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5 Secrets to Make Your Website Copy 'Pop' With the Internet full of websites, it is hard to get people to find your business and engage with it. Here are five tips on how to make your website copy come alive.

By Rebecca Rubin Edited by Dan Bova

Opinions expressed by Entrepreneur contributors are their own.

Who would you rather sit next to at a dinner party—a renowned but egotistical "expert" who drones on and on about himself and doesn't let you get a peep in edgewise or an engaging entrepreneur who wants to learn all about you and specializes in something you need help with?

This same thought process can be used in website copy.

Like you, your customers would rather not have their eyes glaze over with boredom but would instead prefer to be "seated" next to those from whom they can benefit and who are interested in them and what they do. So if your website copy is more boring blowhard than an engaging dinner companion, your visitors are likely to be scanning the room in search of an escape route.

To create content that resonates with and engages your target audience, follow these tips.

1. Clarify your goals. As author David Campbell observed, "If you don't know where you're going, you'll probably end up somewhere else." And nothing could be truer when it comes to your website copy. Before your fingers hit the keyboard, it's crucial to determine the core actions you want your site visitors to take.

  • Do you want them to make purchases?
  • Subscribe to your e-newsletter?
  • Share or comment on blog posts?

Related: 7 Tips for Feeding Your Website's Need for Speed

Clear goals lead to clear copy, which guides users down a pre-defined path, reduces the chance of confusion and increases overall satisfaction rates with your site. As an added bonus, it allows you to more effectively measure your success down the road.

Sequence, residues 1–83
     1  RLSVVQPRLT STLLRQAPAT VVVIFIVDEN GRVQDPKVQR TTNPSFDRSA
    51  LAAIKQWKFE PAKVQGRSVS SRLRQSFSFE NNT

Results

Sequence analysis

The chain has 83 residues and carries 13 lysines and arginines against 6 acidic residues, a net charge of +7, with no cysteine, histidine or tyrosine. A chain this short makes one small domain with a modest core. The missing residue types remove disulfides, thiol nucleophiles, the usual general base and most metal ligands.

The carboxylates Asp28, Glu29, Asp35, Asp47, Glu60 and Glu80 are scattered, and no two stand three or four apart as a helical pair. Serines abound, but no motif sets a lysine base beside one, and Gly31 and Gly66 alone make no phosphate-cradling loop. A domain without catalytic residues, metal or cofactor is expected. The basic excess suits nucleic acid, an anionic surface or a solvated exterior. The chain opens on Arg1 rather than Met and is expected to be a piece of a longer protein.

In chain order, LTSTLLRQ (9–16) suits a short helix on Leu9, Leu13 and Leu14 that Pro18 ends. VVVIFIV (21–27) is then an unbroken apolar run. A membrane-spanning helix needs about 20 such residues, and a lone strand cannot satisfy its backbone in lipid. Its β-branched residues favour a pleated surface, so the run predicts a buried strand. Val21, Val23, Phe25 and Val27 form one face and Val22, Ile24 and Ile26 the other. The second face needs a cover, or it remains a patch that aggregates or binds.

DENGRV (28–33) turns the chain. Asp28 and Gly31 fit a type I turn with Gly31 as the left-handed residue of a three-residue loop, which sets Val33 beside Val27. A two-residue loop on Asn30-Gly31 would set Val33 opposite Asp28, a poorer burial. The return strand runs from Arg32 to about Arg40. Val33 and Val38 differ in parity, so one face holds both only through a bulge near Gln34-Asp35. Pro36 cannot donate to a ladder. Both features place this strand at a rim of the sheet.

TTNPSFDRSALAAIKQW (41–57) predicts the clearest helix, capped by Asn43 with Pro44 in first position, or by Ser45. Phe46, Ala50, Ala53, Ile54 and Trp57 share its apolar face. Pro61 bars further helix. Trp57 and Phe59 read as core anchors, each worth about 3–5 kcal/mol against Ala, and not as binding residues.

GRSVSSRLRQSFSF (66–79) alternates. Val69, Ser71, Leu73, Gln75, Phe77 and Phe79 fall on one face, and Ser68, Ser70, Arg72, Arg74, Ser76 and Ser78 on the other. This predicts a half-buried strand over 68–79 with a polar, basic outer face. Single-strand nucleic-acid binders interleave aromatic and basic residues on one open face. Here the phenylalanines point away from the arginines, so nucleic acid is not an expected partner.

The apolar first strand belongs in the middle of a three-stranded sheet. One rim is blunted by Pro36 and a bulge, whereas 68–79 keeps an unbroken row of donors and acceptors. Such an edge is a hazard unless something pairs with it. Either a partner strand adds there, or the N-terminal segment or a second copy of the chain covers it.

2. Know your audience. Once you've determined the core goals of your site, it's important that you understand who you're trying to reach. Go beyond basic demographics and get to know your target audience on an intimate level.

What do they want more than anything else in the world? What keeps them up at night? What do they do for fun? Where do they hang out? What kind of humor do they appreciate? To what types of cultural references would they most relate?

The more nuanced picture you have of your ideal customers, the easier it will be to speak their language, tell stories they can appreciate and relate to and make reading your website feel like talking to a close friend. All these factors help consumers trust your company, which can help with monetization strategies.

Related: The 4 Questions You Must Answer When Launching a Content Project

3. Don't be an egomaniac. To put it bluntly, your potential customers don't actually care about you and what makes your company so great. They care about themselves. Their needs. Their goals. And what you can do to help them get whatever it is they want. The biggest mistake businesses make when creating website copy is being overly promotional and talking at rather than to their target audience.

A simple way to refocus your copy toward your customer is to replace "we" with "you" and run every piece of new content by the question: "Does this add value to my customers? If the answer is no, chuck it.

4. Brevity is the soul of great web copy. Remember in high school English class when you stretched out your papers to hit the word limit and stuffed in as many fancy words as possible to impress your teacher? These behaviors are the kiss of death when it comes to writing for the web. If your content is bogged down by overly long paragraphs, unnecessary and jargon-y words, you'll put your potential customer to sleep -- before, not after, they click the purchase button.

5. Show don't tell. One of the best ways to create content that's awesome is to use vivid imagery. Quotes, stories, analogies and puns are all great ways to engage your customers at a deeper level, excite their imaginations and allow them to more fully visualize what it is you're trying to say. A few of my favorite resources for juicy turns of phrase and memorable one-liners are The Free Idiom Dictionary and Punrise, Punset.

Related: Writing Tips: How to Come Up With 50 Topic Ideas in 30 Minutes

Rebecca Rubin

Marketing Coach, Founder of The Pursuit of Fabulous

Rebecca Rubin is a marketing coach who helps socially-conscious entrepreneurs discover and amplify their brand messages online. She is the founder of the coaching company The Pursuit of Fabulous and works as a digital marketing manager for the DC-based interactive agency, Blue Water.

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